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Mo. House Committee Grills Nixon Officials Over Scanning Documents & Release Of Conceal-Carry List

Marshall Griffin/St. Louis Public Radio

A Missouri House committee looking into the Department of Revenue's now-defunct policy of scanning documents of driver's license applicants is finally hearing from top officials from Governor Jay Nixon's office.

The committee tried to force the officials to appear via subpoena, but they are now coming voluntarily since the Governor signed a new law that bans scanning of applicants' documents.  Most of the questions asked on the first day focused on two areas:  Whether Nixon Administration officials broke the law when Missouri's entire list of conceal-carry holders was provided to a federal investigator, and whether Nixon officials encouraged or directed DOR employees to implement the federal Real ID Act of 2005.

Thefirst person to appear Tuesday before the House Bipartisan Investigative Committee on Privacy Protection was Office of Administration Commissioner Doug Nelson.  He testified that they have not been trying to circumvent a 2009 state law barring compliance with the Real ID Act, and that any driver's license changes that lined up with Real ID requirements were a coincidence, not deliberate.

"I don't know specifically what those steps were, I don't know how they meet the check list of Real ID," Nelson said.  "But I think the testimony from the Acting Director (John Mollenkamp) and from (Div. of Motor Vehicles Director) JackieBemboomwas that when they took these steps, it wasn't to comply with Real ID."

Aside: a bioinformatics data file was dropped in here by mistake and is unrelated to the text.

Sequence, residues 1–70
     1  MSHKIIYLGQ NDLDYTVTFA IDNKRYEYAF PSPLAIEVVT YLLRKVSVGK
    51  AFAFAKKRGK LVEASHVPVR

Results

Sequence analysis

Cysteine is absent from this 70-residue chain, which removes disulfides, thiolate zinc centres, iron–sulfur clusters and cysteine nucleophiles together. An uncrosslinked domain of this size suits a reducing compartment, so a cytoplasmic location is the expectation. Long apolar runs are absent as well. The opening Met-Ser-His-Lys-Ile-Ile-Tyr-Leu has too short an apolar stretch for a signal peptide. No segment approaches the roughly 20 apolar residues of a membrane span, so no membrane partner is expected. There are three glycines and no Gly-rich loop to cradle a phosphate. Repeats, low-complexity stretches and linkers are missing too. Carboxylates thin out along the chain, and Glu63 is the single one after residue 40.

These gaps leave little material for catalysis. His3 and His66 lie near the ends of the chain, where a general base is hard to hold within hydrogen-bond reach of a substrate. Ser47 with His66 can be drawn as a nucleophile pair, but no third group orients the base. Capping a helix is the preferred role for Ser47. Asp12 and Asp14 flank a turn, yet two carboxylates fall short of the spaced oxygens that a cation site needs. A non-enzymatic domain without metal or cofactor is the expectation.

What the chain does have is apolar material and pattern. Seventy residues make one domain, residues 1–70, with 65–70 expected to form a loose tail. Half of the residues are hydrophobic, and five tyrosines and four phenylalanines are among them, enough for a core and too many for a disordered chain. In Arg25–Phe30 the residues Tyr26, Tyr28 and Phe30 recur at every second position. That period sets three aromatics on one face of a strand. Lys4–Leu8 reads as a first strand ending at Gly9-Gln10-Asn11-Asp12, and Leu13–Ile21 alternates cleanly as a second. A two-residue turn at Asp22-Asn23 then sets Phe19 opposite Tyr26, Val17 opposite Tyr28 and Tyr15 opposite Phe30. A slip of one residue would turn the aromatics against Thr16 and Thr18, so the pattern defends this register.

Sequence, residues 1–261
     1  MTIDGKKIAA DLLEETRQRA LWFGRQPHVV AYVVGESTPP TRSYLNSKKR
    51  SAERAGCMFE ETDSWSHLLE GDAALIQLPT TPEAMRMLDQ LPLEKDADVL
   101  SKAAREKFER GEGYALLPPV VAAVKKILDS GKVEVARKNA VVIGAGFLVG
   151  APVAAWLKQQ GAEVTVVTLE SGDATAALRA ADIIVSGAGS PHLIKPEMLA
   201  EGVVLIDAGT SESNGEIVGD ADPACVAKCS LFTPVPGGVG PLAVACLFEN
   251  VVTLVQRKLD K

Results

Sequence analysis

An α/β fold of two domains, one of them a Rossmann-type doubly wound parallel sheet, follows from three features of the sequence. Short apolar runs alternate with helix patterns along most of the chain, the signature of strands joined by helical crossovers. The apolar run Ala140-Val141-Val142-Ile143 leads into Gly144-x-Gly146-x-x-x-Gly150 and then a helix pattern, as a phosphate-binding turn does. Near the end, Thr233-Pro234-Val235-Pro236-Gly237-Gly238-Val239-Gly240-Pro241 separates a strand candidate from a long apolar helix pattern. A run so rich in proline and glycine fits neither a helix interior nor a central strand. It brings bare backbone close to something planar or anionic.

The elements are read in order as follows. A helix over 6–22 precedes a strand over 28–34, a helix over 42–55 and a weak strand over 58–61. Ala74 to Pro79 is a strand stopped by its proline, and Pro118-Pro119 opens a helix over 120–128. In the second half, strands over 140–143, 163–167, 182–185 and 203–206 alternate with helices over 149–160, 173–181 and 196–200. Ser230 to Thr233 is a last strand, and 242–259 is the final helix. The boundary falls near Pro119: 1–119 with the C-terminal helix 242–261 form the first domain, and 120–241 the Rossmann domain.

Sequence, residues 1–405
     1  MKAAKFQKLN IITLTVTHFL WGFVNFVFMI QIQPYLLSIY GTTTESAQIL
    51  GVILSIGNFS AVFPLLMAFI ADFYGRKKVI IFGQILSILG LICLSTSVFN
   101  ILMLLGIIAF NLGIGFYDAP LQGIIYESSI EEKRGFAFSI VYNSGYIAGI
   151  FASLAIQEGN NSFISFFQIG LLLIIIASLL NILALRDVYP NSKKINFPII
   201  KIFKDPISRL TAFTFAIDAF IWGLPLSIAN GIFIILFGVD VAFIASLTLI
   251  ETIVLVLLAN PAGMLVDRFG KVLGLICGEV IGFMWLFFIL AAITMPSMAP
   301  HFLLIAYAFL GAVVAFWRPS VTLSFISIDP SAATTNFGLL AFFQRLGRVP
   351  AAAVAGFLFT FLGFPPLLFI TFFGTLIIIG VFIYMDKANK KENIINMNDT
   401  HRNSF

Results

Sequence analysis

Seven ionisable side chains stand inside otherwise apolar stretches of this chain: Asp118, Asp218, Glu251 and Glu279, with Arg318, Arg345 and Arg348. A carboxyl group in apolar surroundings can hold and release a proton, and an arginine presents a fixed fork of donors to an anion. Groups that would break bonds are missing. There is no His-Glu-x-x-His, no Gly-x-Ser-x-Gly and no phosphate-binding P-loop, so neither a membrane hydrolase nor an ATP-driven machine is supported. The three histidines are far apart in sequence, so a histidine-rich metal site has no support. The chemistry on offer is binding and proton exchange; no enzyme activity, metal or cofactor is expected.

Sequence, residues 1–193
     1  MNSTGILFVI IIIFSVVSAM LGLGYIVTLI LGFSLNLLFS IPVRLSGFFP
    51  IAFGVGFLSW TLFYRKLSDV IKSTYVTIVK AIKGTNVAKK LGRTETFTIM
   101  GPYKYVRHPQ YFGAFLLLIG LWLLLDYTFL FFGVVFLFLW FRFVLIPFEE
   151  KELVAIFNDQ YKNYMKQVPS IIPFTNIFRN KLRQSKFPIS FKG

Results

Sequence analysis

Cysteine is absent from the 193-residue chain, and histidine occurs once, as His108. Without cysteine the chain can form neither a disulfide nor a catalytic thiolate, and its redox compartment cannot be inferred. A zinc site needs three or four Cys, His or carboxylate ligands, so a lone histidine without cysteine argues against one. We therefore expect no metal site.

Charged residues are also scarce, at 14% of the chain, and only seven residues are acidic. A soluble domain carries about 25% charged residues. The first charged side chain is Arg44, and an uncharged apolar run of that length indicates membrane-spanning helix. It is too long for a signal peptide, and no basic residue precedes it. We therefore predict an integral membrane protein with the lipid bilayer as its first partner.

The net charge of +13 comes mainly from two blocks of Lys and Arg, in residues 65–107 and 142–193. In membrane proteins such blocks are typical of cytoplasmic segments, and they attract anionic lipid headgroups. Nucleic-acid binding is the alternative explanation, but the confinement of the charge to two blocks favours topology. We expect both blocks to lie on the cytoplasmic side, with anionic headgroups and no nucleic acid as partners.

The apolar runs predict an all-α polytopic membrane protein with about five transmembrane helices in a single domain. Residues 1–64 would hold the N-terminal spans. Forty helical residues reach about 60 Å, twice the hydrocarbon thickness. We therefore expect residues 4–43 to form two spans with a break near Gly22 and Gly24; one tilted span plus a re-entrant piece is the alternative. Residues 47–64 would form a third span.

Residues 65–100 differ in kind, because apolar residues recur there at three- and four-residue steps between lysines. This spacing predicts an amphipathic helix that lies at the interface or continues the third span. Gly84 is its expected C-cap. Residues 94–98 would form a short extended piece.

As for the release of the state's list of conceal-carry holders, Nelson says no laws were broken there, either.

"When a law enforcement agency makes a request to a bureaucratic agency, it is not, and I think case law supports this, it is not the role of the bureaucrat to question what law enforcement requests – it is to provide it," Nelson said.

State Representative Nick Marshall (R, Parkville) was not satisfied.  He accused the Nixon Administration of not respecting the private information of Missouri citizens when it released the state's conceal-carry list.

Committee members also questioned other officials today, including ChrisPieper, a senior advisor to Governor Nixon who formerly served as legislative liaison for the Department of Revenue.  Moremembers of Nixon's current and former staff are scheduled to testify Wednesday.

Follow Marshall Griffin on Twitter:  @MarshallGReport

Copyright 2013 St. Louis Public Radio

St. Louis Public Radio State House Reporter Marshall Griffin is a native of Mississippi and proud alumnus of Ole Miss (welcome to the SEC, Mizzou!). He has been in radio for over 20 years, starting out as a deejay. His big break in news came when the first President Bush ordered the invasion of Panama in 1989. Marshall was working the graveyard shift at a rock station, and began ripping news bulletins off an old AP teletype and reading updates between songs. From there on, his radio career turned toward news reporting and anchoring. In 1999, he became the capital bureau chief for Florida's Radio Networks, and in 2003 he became News Director at WFSU-FM/Florida Public Radio. During his time in Tallahassee he covered seven legislative sessions, Governor Jeb Bush's administration, four hurricanes, the Terri Schiavo saga, and the 2000 presidential recount. Before coming to Missouri, he enjoyed a brief stint in the Blue Ridge Mountains, reporting and anchoring for WWNC-AM in Asheville, North Carolina. Marshall lives in Jefferson City with his wife, Julie, their dogs, Max and Liberty Belle, and their cat, Honey.